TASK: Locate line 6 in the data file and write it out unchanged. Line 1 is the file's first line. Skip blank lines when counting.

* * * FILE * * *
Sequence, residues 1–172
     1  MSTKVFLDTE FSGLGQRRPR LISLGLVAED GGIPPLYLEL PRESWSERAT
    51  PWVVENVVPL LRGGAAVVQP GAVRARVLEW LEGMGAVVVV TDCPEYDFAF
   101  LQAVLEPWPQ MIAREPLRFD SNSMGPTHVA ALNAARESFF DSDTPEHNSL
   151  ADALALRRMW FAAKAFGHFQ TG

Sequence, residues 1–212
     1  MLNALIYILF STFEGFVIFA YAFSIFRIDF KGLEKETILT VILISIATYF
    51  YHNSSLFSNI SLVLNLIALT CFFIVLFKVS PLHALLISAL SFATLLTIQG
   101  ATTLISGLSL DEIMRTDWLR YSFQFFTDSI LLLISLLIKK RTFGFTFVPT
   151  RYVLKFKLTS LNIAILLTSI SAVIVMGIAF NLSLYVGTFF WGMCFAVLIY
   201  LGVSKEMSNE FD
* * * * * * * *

Sequence, residues 1–212